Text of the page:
Terry Teachout on how we tell the dancer from the dance.
Dec 6, 2004, Vol. 10, No. 12 • By JUDITH GELERNTER
All in the Dances
GEORGE BALANCHINE considered his ballets ephemeral: "A breath, a memory, then gone." He worked hard in the moment and, following a near fatal illness in his youth, for the moment, so it is easy to understand his dismissive "when I die, everything should vanish."
But, in fact, much of his work remains. As Terry Teachout shows in his brief life of Balanchine, All in the Dances, dance companies around the world are still performing his work. This year, to honor the centennial of his birth, ballets have been staged at home and abroad, often by graduates of the School of American Ballet, which he helped found. Many will continue to be seen live at Lincoln Center's State Theater, because they remain in the repetoire of the New York City Ballet. Some have been recorded and may be seen at the Performing Arts Library at Lincoln Center, while others are commercially available on videotape and DVD.
And yet, though his ballets flourish, the man himself seems to be growing increasingly obscure. Balanchine neared celebrity status around mid-century when he was featured in a New Yorker profile and on a Time magazine cover, and when an excerpt from one of his ballets was featured on the Ed Sullivan Show. But survey results recently presented to the NYCB board of directors show that 85 percent of New Yorkers under age thirty-nine have never heard of George Balanchine.
All in the Dances is in a position to return Balanchine to the spotlight. Teachout's biography includes all the essentials: Balanchine's parents' musicality, his childhood music and dance training, his method of working, how he conducted himself with students in class and with particular dancers, what he considered his best ballet, and how he viewed his adopted country of America. The text modulates between public and private life without drowning us in irrelevancies and deepens our insight by quoting comments by the man and those who knew him.
The biography, though brief, makes a contribution to the literature. Teachout, who was just named to the National Council on the Arts, does not overturn many of the standard interpretations found in the 1988 biography by Richard Buckle and John Taras or the monograph, updated in 1983, by Taper. Instead, he distills countries, companies, artists, and ballets to leave a clear picture of a complex life.
Adulation for a genius is apparent throughout All in the Dances. To maintain this tone, certain unpleasant behaviors are hushed, glossing over Balanchine's illness and divorce tragedy with his last wife. Treating him as a great man, the book holds Balanchine at a distance. Curiously, he did not think of himself as a great man. He thought of himself as a man in the dance trade and compared himself to a cook or a carpenter. He disliked the word "create" in relation to his ballets. In his words, "only God creates; I assemble." Many of his students and friends affectionately called him "Mr. B."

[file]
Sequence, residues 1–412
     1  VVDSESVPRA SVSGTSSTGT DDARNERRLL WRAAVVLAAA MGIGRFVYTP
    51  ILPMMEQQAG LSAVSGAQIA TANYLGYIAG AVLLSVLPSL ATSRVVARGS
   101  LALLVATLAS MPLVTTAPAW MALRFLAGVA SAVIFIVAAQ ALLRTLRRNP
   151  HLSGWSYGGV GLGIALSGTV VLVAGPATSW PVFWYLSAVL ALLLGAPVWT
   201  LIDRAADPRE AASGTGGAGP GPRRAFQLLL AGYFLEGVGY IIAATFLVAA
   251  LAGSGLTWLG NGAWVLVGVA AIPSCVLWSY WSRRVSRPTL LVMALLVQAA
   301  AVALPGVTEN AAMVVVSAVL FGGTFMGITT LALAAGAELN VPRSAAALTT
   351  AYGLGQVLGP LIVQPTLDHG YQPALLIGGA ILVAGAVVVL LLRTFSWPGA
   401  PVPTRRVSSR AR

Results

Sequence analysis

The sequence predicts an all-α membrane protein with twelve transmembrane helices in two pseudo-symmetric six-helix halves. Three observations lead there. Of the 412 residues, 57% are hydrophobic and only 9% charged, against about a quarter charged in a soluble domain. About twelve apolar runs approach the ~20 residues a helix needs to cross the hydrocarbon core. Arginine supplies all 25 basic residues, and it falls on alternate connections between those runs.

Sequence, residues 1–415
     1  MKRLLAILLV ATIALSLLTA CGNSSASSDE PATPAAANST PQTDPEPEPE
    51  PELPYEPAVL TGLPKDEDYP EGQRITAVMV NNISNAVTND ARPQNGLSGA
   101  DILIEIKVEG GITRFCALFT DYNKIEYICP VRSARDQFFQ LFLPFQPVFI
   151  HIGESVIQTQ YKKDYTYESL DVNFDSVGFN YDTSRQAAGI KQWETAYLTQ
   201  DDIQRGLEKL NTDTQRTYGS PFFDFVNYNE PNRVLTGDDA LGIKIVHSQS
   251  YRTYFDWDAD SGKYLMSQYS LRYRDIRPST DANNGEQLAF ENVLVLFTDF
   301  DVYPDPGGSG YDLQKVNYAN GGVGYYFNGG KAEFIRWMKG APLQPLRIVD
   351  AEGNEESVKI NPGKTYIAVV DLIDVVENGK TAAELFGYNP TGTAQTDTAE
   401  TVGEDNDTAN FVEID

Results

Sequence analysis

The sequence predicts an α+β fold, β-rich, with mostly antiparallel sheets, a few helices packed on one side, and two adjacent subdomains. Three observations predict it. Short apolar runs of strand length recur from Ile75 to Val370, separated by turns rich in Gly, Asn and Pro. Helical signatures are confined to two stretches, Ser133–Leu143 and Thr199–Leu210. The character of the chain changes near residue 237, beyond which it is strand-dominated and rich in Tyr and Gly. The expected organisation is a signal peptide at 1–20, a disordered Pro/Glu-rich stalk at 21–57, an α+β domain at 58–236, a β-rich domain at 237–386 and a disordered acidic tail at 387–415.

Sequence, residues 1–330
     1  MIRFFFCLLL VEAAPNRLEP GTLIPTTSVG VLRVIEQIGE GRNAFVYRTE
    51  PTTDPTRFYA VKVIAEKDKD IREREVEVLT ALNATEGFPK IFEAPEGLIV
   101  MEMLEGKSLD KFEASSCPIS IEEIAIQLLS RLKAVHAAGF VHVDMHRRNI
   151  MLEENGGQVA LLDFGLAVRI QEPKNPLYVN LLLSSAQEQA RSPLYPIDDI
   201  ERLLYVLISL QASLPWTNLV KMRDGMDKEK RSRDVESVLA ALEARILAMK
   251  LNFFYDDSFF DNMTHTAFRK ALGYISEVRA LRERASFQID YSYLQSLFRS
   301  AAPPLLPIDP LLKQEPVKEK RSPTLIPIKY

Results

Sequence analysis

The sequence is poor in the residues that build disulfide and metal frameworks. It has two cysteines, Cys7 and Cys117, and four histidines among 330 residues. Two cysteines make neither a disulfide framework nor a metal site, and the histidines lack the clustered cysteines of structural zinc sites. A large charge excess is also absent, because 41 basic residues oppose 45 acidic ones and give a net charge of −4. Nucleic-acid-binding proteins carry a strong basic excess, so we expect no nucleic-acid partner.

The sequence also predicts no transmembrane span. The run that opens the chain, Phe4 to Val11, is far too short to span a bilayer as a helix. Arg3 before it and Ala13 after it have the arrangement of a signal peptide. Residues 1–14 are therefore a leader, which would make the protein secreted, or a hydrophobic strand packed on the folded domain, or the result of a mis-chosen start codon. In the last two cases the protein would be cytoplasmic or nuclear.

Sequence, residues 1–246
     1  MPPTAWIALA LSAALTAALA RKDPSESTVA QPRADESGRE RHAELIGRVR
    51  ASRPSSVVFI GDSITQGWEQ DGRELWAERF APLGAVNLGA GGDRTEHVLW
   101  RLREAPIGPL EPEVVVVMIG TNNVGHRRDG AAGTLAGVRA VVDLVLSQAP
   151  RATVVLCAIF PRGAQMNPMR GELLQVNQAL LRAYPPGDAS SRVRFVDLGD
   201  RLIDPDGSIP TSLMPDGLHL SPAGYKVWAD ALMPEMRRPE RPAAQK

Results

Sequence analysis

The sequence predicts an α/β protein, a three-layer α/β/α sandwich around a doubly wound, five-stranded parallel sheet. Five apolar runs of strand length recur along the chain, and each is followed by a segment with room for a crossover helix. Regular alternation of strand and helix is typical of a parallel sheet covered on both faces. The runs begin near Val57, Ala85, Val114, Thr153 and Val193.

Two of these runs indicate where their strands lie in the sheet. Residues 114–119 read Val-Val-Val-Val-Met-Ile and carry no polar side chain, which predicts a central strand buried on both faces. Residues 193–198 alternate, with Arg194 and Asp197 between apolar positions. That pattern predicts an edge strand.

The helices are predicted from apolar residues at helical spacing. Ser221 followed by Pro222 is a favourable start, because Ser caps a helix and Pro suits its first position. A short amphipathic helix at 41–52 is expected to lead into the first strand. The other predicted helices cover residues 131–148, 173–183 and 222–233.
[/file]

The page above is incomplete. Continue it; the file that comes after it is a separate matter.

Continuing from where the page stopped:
The casual reader of this vibrant narrative will absorb the notion that Balanchine was a master but might be left guessing exactly why he was considered as such. That ambiguity runs through the literature. The first sentence of Don McDonough's 1983 work reads: "The exact nature of his contribution remains elusive even in the minds of many of his admirers."
BUT BALANCHINE understood his contribution. It was innovation. The first program of the young choreographer, entitled "The Evolution of Ballet: From Petipa through Fokine to Balanchivadze," is less "smile-making," as Teachout puts it, than revealing. It shows that Balanchine knew where he fit in the choreographic succession.
Balanchine was schooled in St. Petersburg, the seat of the ballet tradition. The ballet center had been transferred from the French courts when the tsars imported highly trained French dancers such as the choreographer Petipa of Swan Lake, Sleeping Beauty, and Nutcracker fame.
Petipa's imperial ballets were performed in sumptuous romantic style with fantastic or fairy tale plots, expressive gesture, strict ballet vocabulary, and lavish costumes and scenery. Fokine, a Russian of the next generation, danced in Petipa ballets and introduced changes in the formula when creating his own. He made some abstract ballets that were structured more along the lines of the music than the plot. In 1939, some time after Fokine had been working in America, a New York Herald Tribune critic referred to him as "the world's most famous choreographer of ballets." Balanchine trained at the school of the Imperial Theater and danced in ballets by Petipa and Fokine. What he did not know at that time was that his career, just like Fokine's, would take him to the Ballets Russes in Paris (where he too frenchified his name), and then to America.